Sexual harassment can negatively impact many areas of your physical and mental health. It can cause anxiety, sleep disorders, depression, weight loss or weight gain, decreased self-esteem, headaches, nausea and even sexual dysfunction.
What is Sexual Harassment at Work Under Florida Law?
Under Florida law, sexual harassment in the workplace includes physical or verbal conduct, inappropriate jokes, touching or online activity directed at another person that causes them to feel ill at ease. It can also involve quid pro quo, which means asking for sexual favors in exchange for some benefit. All of these situations are illegal in Florida and elsewhere.
I Was the Victim of Sexual Harassment, What Should I Do?
If you were the target of sexual harassment, you should report it to your supervisor or manager so your employer can be notified. Your employer should then investigate the matter or take other actions such as terminating the person who harassed you. If they don’t do anything, you can file a complaint with the FCHR or EEOC or even go a step further and speak to an attorney.
Do I Need to Hire a Lawyer for My Sexual Harassment Case?
If your sexual harassment case stems from harassment directly from your employer, it’s wise to hire a lawyer. In that situation, the sooner you retain an attorney, the better, to ensure that you can get the damages you are entitled to if your case is successful.
How Are Sexual Harassment Cases Handled in Florida?
In Florida, if you are being sexually harassed, you should report the harassment to your supervisor, who should then inform your employer. If your employer doesn’t take the appropriate action, you can file a complaint with the FCHR or EEOC or even consult with an attorney.
How Much Compensation Can I Receive for My Sexual Harassment Case in Florida?
In a Florida sexual harassment case, you can receive varying amounts of money in compensation if you win. If your employer has 15 to 100 employees, you can recover a maximum of $50,000. For employers with 101 to 200 employees, you can recover a maximum of $100,000. With 201 to 500 employees, you can recover up to $200,000. For employers that have over 500 employees, you can recover up to $300,000.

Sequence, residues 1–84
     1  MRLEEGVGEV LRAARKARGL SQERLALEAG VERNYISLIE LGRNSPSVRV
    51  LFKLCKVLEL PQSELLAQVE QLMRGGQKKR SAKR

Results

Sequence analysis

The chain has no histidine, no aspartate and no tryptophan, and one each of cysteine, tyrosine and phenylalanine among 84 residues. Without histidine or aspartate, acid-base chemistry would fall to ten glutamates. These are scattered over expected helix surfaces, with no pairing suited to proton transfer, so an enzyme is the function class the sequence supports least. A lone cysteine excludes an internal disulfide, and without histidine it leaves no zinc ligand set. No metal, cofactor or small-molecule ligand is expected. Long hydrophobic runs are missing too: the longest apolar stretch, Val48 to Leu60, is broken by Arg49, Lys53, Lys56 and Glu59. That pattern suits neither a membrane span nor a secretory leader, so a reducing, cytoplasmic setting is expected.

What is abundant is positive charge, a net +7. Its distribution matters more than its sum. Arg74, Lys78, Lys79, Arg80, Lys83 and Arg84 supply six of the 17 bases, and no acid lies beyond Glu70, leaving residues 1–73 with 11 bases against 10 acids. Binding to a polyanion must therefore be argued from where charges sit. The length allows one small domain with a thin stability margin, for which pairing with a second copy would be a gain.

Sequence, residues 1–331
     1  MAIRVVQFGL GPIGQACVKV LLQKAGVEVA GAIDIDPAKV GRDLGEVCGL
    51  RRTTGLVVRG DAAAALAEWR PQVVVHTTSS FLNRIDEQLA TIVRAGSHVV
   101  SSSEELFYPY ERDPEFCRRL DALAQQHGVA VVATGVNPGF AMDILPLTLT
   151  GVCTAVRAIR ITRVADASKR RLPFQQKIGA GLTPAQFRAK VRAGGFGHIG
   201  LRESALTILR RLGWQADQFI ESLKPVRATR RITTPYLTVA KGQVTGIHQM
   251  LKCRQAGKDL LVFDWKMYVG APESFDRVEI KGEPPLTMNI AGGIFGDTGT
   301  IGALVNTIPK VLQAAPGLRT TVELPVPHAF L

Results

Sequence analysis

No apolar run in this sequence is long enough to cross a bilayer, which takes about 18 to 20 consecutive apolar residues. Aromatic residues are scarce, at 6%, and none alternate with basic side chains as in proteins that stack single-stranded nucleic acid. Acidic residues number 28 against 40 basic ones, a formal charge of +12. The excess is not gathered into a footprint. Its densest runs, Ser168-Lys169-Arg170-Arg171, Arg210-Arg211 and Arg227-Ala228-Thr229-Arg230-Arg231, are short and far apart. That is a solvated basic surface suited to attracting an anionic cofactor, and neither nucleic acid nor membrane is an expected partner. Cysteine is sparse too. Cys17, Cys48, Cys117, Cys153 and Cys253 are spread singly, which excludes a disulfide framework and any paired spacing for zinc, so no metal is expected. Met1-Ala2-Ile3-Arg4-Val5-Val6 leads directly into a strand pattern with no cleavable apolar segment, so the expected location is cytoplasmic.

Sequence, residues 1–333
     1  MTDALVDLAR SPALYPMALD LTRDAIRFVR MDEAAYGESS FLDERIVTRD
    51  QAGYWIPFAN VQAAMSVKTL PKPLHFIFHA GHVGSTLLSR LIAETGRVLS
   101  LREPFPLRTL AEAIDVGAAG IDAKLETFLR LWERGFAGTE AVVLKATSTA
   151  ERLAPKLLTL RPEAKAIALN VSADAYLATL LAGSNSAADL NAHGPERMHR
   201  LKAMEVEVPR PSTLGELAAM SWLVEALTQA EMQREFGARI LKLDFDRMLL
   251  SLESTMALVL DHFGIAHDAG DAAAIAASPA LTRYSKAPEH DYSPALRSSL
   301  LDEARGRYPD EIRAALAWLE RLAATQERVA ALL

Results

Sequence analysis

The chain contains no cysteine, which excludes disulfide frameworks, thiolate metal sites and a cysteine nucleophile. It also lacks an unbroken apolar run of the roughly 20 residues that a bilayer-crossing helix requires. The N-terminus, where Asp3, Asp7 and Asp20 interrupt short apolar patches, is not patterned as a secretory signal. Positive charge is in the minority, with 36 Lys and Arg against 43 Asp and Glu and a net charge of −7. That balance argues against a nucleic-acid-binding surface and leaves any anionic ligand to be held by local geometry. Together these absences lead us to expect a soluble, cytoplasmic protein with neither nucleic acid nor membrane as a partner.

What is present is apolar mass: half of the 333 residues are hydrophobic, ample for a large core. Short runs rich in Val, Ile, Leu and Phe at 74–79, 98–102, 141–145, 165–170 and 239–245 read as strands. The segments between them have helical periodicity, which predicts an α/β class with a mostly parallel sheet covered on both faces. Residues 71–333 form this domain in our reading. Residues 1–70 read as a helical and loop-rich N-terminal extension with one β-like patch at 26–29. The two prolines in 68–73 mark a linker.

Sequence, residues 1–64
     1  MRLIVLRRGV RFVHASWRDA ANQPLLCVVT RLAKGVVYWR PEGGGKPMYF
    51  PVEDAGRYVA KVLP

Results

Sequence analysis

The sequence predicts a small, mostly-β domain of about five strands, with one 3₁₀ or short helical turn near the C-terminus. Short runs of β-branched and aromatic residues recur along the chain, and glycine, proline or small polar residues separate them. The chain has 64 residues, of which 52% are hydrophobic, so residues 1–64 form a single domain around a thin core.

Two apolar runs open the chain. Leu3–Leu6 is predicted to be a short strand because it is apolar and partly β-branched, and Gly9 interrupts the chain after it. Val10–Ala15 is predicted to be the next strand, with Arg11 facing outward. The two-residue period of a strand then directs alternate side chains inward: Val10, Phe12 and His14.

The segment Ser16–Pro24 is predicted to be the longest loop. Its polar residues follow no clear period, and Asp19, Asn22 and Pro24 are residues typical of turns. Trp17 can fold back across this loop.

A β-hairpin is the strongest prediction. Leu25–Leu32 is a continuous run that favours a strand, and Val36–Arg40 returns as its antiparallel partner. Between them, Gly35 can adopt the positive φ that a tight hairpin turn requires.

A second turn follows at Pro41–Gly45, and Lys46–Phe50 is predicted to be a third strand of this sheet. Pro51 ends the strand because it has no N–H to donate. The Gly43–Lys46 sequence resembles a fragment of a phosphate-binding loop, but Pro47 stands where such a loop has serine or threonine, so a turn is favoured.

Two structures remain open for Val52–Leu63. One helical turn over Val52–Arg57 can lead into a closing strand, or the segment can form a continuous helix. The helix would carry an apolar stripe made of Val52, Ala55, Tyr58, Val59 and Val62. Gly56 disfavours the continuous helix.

How Much Is the Average Settlement?
On average, a sexual harassment settlement is under $37,000 when settled out of court. However, they can average approximately $217,000 when the case goes to trial.
What Florida Laws Protect Against Sexual Harassment?
Florida laws under Section 110.1221 of Florida Statutes and Chapter 60L-40.001 of the Florida Administrative Code protect against sexual harassment in the workplace.
What Types of Employers Are Covered By Workplace Sexual Harassment Laws in Florida?
Employers that have at least 15 employees and local and state government agencies are covered by workplace sexual harassment laws in Florida.
Where Do You File a Sexual Harassment Claim in Florida?
In Florida, you can file a sexual harassment claim with the FCHR or EEOC.
How Long Do I Have to File a Sexual Harassment Claim in Florida?
If you are filing a sexual harassment claim in Florida with the FCHR, you have 365 days of the incident to do so. If you choose to file with the EEOC, it must be done within 300 days.
Is Sexual Harassment a Crime in Florida?
Depending on the circumstances, sexual harassment can be considered a crime in Florida and carries civil and criminal penalties for a conviction.
When Sexual Harassment Turns Criminal
Sexual harassment can turn criminal if the perpetrator escalates their behavior to stalking, assault or sexual assault.
Can You Go to Jail for Sexually Harassing Someone?
In most cases, sexual harassment is a civil claim, which doesn’t involve criminal penalties. However, if the harasser escalates their conduct to actually harming a person physically or sexually, it can lead to criminal prosecution and jail time.
What to Do if You Are Being Sexually Harassed at Work
If you’re being sexually harassed at work, document everything. Keep notes or a journal, keep all email and other online contact from the harasser and anything else that can be used as evidence. Report the harassment to your supervisor or manager so your employer can be informed and take action. If your employer doesn’t do anything or tries to persuade you to leave it alone, file a complaint with the FCHR or EEOC. You can even consult with an attorney if the situation warrants starting a lawsuit.
Who Is Liable for Sexual Harassment in the Workplace?
Employers can be held liable for workplace sexual harassment if they don’t take the appropriate actions to hold the harasser accountable.